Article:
Coprolite mining in Orwell

Effects of mining on the village

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What is coprolite?

Coprolite, fossilised dung, was derived from the fossilised remains of animals and plants deposited on the seabed over 65 million years ago when South Cambridgeshire was submerged by rising sea levels. The coprolite contained calcium phosphate from which cheap artificial fertilizer could be made. It was discovered beneath the fields of Orwell in 1865.

Leading up to this time the population of Orwell was increasing by 50 souls every decade and by 1851 there were two hundred and thirty men between the ages of fifteen and sixty needing to earn a living. It is not surprising that some risked the dangers of many weeks at sea and in 1854 twenty seven men, women and children left Orwell to travel Australia for better opportunities.

Where was the coprolite found?

Those who stayed behind were to benefit greatly from the discovery of the coprolite, which was in great demand during the farming boom of the 1850s and 60s.

Photo:Coprolite digging in Orwell

Coprolite digging in Orwell

Local landowners and coprolite merchants alike made considerable fortunes during the next thirty years out of leasing and mining the coprolite seams at Malton, Rectory and Grove Farms, on the glebeland, behind St. Andrew’s Church, and even on the ancient earthwork near the Church at the Lordship. In these prosperous years Orwell’s population grew from 645 in 1861 to 802 in 1881, this seems to have been due to the financial encouragement to couples to marry and raise their families in the village rather than an influx of outsiders. The census details show that only two of the forty eight men and boys thus employed in 1881 had been born outside of the village.


Financial benefits

adult coprolite diggers earn between £2 and £3 per week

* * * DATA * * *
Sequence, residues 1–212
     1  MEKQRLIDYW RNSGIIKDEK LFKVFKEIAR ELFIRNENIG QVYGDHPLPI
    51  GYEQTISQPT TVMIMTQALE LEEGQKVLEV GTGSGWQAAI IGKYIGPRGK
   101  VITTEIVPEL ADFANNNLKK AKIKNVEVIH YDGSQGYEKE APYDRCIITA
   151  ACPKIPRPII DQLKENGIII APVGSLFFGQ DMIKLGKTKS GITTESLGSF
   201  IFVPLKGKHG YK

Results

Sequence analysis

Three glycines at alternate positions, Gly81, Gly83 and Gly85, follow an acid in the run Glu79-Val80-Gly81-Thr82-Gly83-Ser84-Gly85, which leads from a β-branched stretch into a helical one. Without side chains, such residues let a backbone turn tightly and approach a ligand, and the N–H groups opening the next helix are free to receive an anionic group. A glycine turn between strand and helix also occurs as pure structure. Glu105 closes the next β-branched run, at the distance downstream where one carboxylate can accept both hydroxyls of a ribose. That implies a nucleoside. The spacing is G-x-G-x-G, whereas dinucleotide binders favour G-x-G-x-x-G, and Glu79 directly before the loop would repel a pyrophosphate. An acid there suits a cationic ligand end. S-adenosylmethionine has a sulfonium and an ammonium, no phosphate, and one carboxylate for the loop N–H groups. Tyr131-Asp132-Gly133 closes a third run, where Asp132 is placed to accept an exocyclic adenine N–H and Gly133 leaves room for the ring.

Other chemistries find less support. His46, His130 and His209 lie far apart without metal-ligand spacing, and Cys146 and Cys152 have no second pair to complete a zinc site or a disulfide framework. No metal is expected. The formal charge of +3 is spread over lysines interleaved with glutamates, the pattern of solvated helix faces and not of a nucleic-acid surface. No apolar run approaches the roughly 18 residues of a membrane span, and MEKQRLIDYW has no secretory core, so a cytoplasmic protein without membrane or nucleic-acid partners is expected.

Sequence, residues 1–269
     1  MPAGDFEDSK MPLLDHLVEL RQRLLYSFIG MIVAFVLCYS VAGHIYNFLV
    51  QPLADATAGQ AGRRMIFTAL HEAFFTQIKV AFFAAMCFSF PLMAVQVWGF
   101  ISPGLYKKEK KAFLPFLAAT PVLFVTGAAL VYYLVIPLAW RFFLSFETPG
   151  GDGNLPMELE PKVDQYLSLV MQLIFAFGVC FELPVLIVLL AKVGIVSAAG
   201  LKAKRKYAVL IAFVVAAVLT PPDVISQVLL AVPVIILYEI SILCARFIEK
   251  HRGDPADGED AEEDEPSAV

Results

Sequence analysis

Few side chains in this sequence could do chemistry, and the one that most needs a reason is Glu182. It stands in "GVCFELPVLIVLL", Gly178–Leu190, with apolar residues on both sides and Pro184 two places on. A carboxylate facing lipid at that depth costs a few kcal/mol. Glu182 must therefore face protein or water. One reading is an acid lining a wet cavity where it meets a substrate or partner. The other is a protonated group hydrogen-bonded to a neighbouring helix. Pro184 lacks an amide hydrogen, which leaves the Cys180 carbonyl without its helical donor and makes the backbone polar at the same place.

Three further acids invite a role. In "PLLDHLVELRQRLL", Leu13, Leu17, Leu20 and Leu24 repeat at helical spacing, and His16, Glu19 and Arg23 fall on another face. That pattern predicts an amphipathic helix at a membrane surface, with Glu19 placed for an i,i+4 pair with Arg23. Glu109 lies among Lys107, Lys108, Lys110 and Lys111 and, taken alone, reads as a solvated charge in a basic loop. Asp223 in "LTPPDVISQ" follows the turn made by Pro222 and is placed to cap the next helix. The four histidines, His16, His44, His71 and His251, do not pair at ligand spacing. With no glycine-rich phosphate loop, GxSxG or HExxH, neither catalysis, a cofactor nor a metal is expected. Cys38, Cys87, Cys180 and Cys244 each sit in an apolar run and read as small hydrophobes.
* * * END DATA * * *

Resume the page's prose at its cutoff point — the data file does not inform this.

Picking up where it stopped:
The earnings of many Orwell families increased substantially while the coprolite industry flourished with fathers and sons employed on digging out, washing and carting the phosphatic nodules to supply the fertiliser factories. At times it was possible for adult coprolite diggers to earn between £2 and £3 per week, when the average farm labourer’s wage was 12/-(60p).The credit book of William Law’s general store shows diggers and their wives spending around 18/- per week on food and household goods.

In 1875 even with only one wage owner there were four public houses and four beer sellers providing refreshment for the workers. Coprolite merchants could afford to pay good wages and the men demanded them as the work was dangerous with a risk of being buried by a fall of earth or crushed by a runaway truck loaded with coprolites.

Demise of coprolite mining

The good times were short lived. Four years of heavy rains and poor harvests in the late 1870s caused a depression in agriculture and reduced the need for fertiliser. Many Orwell diggers and farm workers were laid off or had their wages cut and to help, a Coal and Clothing Club was set up. Coprolite prices picked up in the 1890s and almost 20% of the village workforce was employed in the diggings. It was reported in the Royston Crowe in June 1891 that the early summer of that year was "one of prosperity in the village,

Cheap foreign imports of fertiliser and new government regulations

the coprolite works being very profitable and the agricultural  interests too were good - but times are altered” and people were leaving to find work elsewhere because of the uncertainty of employment in Orwell. Cheap foreign imports of fertiliser and new government regulations laying down strict safety rules for pits deeper than 25 feet finally put an end to the coprolite boom.


This page was added by Martin Grigor on 05/11/2012.

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